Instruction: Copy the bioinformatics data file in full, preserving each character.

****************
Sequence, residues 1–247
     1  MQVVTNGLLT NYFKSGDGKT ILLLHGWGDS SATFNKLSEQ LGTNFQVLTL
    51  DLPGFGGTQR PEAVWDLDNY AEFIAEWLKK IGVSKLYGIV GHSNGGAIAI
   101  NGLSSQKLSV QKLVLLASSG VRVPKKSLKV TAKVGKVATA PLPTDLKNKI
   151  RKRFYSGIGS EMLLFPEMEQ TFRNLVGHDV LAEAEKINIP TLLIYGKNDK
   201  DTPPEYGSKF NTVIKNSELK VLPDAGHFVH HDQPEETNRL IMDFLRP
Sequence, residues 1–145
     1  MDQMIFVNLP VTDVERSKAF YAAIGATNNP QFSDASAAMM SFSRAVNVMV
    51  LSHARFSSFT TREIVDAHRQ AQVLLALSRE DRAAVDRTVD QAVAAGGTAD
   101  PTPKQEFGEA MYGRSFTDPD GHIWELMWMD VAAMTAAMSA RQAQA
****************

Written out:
Sequence, residues 1–247
     1  MQVVTNGLLT NYFKSGDGKT ILLLHGWGDS SATFNKLSEQ LGTNFQVLTL
    51  DLPGFGGTQR PEAVWDLDNY AEFIAEWLKK IGVSKLYGIV GHSNGGAIAI
   101  NGLSSQKLSV QKLVLLASSG VRVPKKSLKV TAKVGKVATA PLPTDLKNKI
   151  RKRFYSGIGS EMLLFPEMEQ TFRNLVGHDV LAEAEKINIP TLLIYGKNDK
   201  DTPPEYGSKF NTVIKNSELK VLPDAGHFVH HDQPEETNRL IMDFLRP
Sequence, residues 1–145
     1  MDQMIFVNLP VTDVERSKAF YAAIGATNNP QFSDASAAMM SFSRAVNVMV
    51  LSHARFSSFT TREIVDAHRQ AQVLLALSRE DRAAVDRTVD QAVAAGGTAD
   101  PTPKQEFGEA MYGRSFTDPD GHIWELMWMD VAAMTAAMSA RQAQA